Microbe Mission B/C

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mangothecat
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Re: Microbe Mission B/C

Post by mangothecat » September 26th, 2016, 9:05 pm

What syndrome is linked to taking aspirin and other salicylate containing medications for viral infections such as chickenpox? What does this syndrome cause (signs, symptoms, pathophysiological changes)?
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Re: Microbe Mission B/C

Post by tm-scioli » September 27th, 2016, 6:46 pm

I believe this is Reyes syndrome which is typically associated with liver and brain damage an deterioration (only in children) which leads to a bunch of stuff (seizures, comas, hepatitis)

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Re: Microbe Mission B/C

Post by mangothecat » September 27th, 2016, 9:55 pm

tm-scioli wrote:I believe this is Reyes syndrome which is typically associated with liver and brain damage an deterioration (only in children) which leads to a bunch of stuff (seizures, comas, hepatitis)
Yeeup, your turn!
Initial symptoms include nausea, vomiting, and alteration of mental status (amnesia, disorientation, etc). Reye's syndrome is also characterized with a drop in blood sugar as well as a rise in blood acidity. The brain and liver swells up, and fatty deposits may form in the liver.
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Re: Microbe Mission B/C

Post by tm-scioli » September 30th, 2016, 1:35 pm

Describe the symptoms, vectors, and hosts of west nile virus

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Re: Microbe Mission B/C

Post by bhavjain » October 1st, 2016, 3:38 pm

tm-scioli wrote:Describe the symptoms, vectors, and hosts of west nile virus
1. Symptoms: 80% of cases are symptomatic. About 20% of cases show signs of headaches, fever, nausea, vomiting, swollen lymph glands, and skin rashes. Around 1% of cases show encephalitis, meningitis, poliomyelitis, or encephalomeningitis.
2. Vectors: Mosquitoes, particularly Culex pipiens.
3. Hosts: Birds (reservoir host), horses, humans, alligators, crocodiles, amphibians.
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Re: Microbe Mission B/C

Post by tm-scioli » October 2nd, 2016, 10:42 am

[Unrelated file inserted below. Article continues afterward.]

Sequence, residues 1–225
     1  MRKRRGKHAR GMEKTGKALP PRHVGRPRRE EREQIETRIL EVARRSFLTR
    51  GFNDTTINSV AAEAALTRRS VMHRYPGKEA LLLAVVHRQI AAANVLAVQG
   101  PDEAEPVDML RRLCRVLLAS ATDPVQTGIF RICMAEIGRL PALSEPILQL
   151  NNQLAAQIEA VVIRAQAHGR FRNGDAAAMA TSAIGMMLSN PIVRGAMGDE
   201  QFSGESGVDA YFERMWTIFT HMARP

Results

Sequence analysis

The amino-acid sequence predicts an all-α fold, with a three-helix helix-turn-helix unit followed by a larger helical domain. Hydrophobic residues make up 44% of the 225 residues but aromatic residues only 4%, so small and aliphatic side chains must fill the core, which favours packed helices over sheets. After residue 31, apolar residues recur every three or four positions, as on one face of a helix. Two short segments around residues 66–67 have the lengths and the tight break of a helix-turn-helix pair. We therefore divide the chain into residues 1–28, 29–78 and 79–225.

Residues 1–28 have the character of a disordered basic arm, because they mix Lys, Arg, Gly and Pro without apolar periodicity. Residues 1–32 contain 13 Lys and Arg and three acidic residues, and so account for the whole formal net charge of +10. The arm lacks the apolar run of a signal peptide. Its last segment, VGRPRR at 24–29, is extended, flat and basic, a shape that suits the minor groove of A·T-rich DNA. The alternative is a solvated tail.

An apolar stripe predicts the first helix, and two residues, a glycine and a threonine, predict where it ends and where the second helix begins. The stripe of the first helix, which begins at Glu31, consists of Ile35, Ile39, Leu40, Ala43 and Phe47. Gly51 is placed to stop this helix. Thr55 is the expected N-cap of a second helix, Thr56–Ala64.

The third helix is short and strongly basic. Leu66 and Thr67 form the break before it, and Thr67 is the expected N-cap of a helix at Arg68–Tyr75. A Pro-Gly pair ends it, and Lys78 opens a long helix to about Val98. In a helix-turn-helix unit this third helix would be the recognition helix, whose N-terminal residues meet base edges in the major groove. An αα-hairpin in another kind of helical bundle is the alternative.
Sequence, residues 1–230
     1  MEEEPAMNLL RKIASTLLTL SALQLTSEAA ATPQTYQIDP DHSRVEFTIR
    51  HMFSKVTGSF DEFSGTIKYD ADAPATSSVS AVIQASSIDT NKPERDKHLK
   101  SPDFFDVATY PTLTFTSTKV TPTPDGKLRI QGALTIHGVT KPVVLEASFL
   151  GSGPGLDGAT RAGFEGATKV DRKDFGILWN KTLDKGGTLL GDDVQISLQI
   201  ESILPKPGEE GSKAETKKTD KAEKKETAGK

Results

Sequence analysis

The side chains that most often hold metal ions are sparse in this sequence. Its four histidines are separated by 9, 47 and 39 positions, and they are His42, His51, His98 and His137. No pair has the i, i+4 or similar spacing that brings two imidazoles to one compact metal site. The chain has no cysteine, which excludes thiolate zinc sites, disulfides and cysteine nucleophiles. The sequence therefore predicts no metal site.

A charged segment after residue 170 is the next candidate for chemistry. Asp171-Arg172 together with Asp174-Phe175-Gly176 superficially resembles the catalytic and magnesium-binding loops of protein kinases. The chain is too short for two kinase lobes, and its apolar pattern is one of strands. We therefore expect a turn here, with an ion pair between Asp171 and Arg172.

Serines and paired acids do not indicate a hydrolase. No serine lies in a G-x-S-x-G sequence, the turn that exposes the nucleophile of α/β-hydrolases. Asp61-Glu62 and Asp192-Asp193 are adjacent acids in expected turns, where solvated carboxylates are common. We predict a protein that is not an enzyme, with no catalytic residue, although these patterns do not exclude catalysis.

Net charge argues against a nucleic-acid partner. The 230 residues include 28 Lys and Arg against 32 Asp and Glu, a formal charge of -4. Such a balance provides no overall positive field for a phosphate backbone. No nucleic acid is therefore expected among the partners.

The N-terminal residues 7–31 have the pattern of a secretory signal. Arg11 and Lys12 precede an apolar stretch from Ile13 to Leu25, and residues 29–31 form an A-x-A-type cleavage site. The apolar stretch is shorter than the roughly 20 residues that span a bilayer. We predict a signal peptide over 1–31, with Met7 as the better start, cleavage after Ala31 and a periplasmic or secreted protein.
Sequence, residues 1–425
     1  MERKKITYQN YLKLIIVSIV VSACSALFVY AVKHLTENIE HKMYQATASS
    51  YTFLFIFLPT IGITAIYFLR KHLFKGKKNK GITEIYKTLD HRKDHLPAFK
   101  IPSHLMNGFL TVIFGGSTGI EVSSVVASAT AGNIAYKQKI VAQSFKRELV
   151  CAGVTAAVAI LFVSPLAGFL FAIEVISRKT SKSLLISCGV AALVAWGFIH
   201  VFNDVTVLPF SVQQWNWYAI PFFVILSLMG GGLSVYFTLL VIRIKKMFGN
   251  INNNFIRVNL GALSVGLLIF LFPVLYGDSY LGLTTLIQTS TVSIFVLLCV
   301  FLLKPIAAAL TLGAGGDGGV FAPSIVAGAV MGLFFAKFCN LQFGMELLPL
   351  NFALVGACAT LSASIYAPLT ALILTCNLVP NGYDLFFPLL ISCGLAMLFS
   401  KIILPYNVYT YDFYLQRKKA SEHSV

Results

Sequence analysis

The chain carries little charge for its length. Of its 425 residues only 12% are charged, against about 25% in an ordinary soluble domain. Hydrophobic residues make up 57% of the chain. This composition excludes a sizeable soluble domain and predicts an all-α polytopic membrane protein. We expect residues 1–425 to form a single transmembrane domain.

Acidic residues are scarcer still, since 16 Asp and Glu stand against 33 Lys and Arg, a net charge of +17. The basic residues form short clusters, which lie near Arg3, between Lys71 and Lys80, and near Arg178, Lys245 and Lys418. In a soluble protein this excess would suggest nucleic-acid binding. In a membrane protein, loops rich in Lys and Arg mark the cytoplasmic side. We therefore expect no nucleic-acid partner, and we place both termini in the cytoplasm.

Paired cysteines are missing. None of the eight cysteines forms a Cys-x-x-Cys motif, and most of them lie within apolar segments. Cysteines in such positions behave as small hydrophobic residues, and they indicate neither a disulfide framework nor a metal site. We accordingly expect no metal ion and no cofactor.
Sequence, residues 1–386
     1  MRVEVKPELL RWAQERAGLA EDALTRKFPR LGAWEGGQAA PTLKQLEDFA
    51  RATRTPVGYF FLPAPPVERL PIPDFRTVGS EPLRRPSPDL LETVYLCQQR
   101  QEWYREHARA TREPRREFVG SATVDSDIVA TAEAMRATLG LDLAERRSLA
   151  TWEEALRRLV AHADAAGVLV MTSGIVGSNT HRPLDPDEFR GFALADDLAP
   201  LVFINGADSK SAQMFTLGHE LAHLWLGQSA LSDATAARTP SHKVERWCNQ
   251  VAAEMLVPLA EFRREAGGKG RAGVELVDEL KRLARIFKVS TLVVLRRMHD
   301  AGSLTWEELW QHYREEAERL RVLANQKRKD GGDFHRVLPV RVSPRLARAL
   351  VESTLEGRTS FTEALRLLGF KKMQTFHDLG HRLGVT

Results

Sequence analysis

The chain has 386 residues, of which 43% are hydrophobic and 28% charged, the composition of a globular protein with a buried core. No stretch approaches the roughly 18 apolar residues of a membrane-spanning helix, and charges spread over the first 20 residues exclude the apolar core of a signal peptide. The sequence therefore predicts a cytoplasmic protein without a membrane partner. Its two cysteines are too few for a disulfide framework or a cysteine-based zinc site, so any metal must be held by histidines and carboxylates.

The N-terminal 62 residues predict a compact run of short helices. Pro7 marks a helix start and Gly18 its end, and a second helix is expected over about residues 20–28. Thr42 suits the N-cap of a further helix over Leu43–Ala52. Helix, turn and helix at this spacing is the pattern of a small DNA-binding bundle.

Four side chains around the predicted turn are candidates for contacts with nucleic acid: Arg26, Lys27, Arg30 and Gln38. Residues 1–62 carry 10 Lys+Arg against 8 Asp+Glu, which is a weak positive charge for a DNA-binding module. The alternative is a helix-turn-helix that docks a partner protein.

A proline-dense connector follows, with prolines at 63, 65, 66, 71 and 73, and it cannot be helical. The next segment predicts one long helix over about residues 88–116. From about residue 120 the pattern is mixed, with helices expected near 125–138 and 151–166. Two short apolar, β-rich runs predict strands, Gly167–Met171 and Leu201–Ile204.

80% of cases are asymptomatic not symptomatic

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Re: Microbe Mission B/C

Post by bhavjain » October 3rd, 2016, 9:07 pm

Describe the four stages of a bacterial growth curve.
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Re: Microbe Mission B/C

Post by Schylah » October 4th, 2016, 9:41 am

bhavjain wrote:Describe the four stages of a bacterial growth curve.
Answer:
The first stage is the lag phase

The lag phase is where the bacteria is acclimating to its new environment and surroundings. Bacteria is gathering vitamins and minerals to grow with. This phase length depends on where the bacteria is and the type of environment it is exposed to (examples: Food, countertops, bathrooms, etc.)

The second phase is the log phase

The log phase is where the bacteria has everything it needss to grow. It grows at a very fast exponential rate. In this stage diseases grow. The faster the growth, the larger the disease is and the difficulty of finding a cure for it becomes harder the longer the bacteria is exposed to a pool resources. (Example: Cancer, E Coli, etc.)

The third phase is the Stationary phase

The Stationary phase is where bacteria slow down their growth rate and die off. Two ways it can die off is. One, you die from the disease or bacteria. Two, the disease or bacteria run out of resources or food.

The Death phase is the final stage.

The death phase is when the bacteria die and the population decreases from starvation or the toxins become too much for the disease or bacteria.
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Re: Microbe Mission B/C

Post by bhavjain » October 4th, 2016, 3:34 pm

Schylah wrote:
bhavjain wrote:Describe the four stages of a bacterial growth curve.
Answer:
The first stage is the lag phase

The lag phase is where the bacteria is acclimating to its new environment and surroundings. Bacteria is gathering vitamins and minerals to grow with. This phase length depends on where the bacteria is and the type of environment it is exposed to (examples: Food, countertops, bathrooms, etc.)

The second phase is the log phase

The log phase is where the bacteria has everything it needss to grow. It grows at a very fast exponential rate. In this stage diseases grow. The faster the growth, the larger the disease is and the difficulty of finding a cure for it becomes harder the longer the bacteria is exposed to a pool resources. (Example: Cancer, E Coli, etc.)

The third phase is the Stationary phase

The Stationary phase is where bacteria slow down their growth rate and die off. Two ways it can die off is. One, you die from the disease or bacteria. Two, the disease or bacteria run out of resources or food.

The Death phase is the final stage.

The death phase is when the bacteria die and the population decreases from starvation or the toxins become too much for the disease or bacteria.
Pretty good. Just one thing: In the stationary phase the rate of cell growth matches the rate of cell death. Often caused by a growth-limiting factor or introduction of an inhibitory product. Not sure what you mean by "you die from the disease or bacteria," or how that relates to the stationary phase. Your turn.
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Re: Microbe Mission B/C

Post by Schylah » October 5th, 2016, 12:05 pm

I know that Malaria is a pretty common mosquito disease in some continents like Asia and Africa... With that in mind..

1.) Is there a cure for Malaria? If so, what is it?

2.) How many people die from Malaria each year? (Please show the statistics for men, women, and children.)
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